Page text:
The object lesson came about when the VINE WITHERED (8). Part of the withering was accomplished by A SCORCHING EAST WIND, called a “sirocco.” The wind alone raises the temperature 16-22˚and severely lowers the humidity. Between the WORM and the SUN and the WIND, the VINE was toast. This made Jonah angry all over again.
An important measure of Jonah’s anger is his preference of death over resolving his anger in a positive way (3+9). Years earlier, Elijah said the same thing in a fit of depression (1 Kings 19:4). It was a difficult thing to serve God as a prophet. How does somebody get so angry they want to die? Or is this an exaggeration, a childish rage? Jonah stomped out to a remote place to try to think up a good comeback for God’s rhetorical question (5).
2. Jonah’s anger confirmed God’s character.
Verse two is essentially a quotation of Exodus 34:6-7. As these verses are also repeated in Numbers 14:18; Nehemiah 9:17; Psalms 86:15; 103:8; 145:8 and Joel 2:13, we can assume these are important affirmations of God’s character.
Let’s look at the specifics.
God is GRACIOUS. In the Hebrew, this word is ironically directed at persons outside Israel. Outside the covenant, those people would otherwise have no claim on God and would not be eligible for salvation: the people of Nineveh.
God is COMPASSIONATE. This Hebrew word pictures a mother’s love for her children.
God is SLOW TO ANGER. By way of illustration, God answered Jonah’s anger with gentle questions having an obvious (vs. 4+9), but this method failed to resolve Jonah’s anger. The questions are better translated, “Is it right to be angry?” This translation makes it a question of morality not privilege. God’s self control is demonstrated in the fact that He was not angered or intimidated by Jonah’s statements that - to our ears - verge on blasphemy. God will not turn away questions or comments that come from a heart sincerely open to God, seeking answers.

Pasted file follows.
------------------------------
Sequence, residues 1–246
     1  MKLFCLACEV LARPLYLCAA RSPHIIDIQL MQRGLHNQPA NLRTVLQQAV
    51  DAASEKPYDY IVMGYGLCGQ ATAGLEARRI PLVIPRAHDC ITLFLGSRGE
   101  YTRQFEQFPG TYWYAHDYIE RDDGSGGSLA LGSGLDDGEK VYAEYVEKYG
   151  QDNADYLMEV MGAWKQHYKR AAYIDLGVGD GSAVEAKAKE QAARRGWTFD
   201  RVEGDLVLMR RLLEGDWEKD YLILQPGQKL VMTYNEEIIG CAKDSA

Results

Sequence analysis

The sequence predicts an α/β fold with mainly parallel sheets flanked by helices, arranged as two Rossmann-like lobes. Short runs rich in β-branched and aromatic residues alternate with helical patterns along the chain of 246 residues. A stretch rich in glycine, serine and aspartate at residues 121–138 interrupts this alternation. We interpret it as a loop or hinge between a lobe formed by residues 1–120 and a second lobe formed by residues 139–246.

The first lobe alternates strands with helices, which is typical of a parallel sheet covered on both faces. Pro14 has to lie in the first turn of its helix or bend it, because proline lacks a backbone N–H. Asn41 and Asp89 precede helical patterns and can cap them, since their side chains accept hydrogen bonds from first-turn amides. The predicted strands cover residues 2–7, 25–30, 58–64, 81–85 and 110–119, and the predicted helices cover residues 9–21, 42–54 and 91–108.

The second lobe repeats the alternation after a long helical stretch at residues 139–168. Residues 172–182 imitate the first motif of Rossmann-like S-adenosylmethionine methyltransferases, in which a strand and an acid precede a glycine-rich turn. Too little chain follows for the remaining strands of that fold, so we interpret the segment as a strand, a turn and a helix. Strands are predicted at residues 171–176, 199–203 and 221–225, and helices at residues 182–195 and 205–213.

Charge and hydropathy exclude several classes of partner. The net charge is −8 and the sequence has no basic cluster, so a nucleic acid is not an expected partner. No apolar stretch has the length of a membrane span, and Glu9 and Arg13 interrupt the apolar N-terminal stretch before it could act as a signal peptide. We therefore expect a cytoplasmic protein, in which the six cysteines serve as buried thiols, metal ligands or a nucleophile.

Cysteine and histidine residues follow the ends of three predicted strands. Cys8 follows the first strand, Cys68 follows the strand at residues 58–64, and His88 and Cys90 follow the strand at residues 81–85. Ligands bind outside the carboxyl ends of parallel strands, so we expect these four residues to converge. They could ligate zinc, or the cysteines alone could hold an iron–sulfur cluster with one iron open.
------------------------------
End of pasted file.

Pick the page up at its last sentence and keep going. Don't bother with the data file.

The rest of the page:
God abounds in LOVE. In contrast to the word for GRACIOUS, this word is directed at Israel, the people who are in covenant-relationship with God. There is no single word in English that adequately translates all the meanings of this word. We’d have to add “kindness, mercy, and loyalty” to take it all in. This virtue stands in stark contrast to Jonah’s prejudicial attitude.
When appropriate, God relents in SENDING CALAMITY. The salvation of the people of Nineveh is the best biblical illustration of this divine virtue.
Both the citizens of Nineveh and the VINE were created by God. As He tried to explain to Jonah, God had every right to deal with them as He willed (10-11). Jonah didn’t do a thing to grow the vine; it was God’s grace that brought it into being.
The vine was a trivial thing compared to the thousands of people who lived in Nineveh. Jonah should have seen the logic in God’s statement about His concern for their lives. God did not want Jonah to be so egotistical and petty.
Anger is no way to please God.
The book of Jonah does not have a happy ending. As far as Jonah the prophet is concerned, it has no ending at all: we don’t know what happened to him.
I believe that is intentional. The author was inspired to end the book with the thoughts of God. The last word reinforces the character of God.
In every part of the Bible, God is the hero of the story. It is His story, after all. The goodness of God is easier to view in contrast to the belligerence of Jonah. His anger is the counterpoint to God being SLOW TO ANGER and all the virtues Jonah observed in v. 2.
Let me support that point with a word count:
The fish is mentioned 4 times.
The city is mentioned 9 times.
Jonah is mentioned 18 times.
God is mentioned 38 times.
Clearly, Jonah is not the hero; he doesn’t even qualify as an “antihero.” God is the one whose example we are to follow. Being Jonah is too easy. We’re already prone to egotism and pride. Following God requires living out the virtues He bestows on us by His Holy Spirit. To recap, those virtues include:
Life is so much easier and more fulfilling when we put these virtues into practice.
To conclude: if you don’t want God coming at you with a whale or a worm or something in between, take His side and do His will.
The Expositor’s Bible Commentary, Vol. 7, Jonah, H.L. Ellison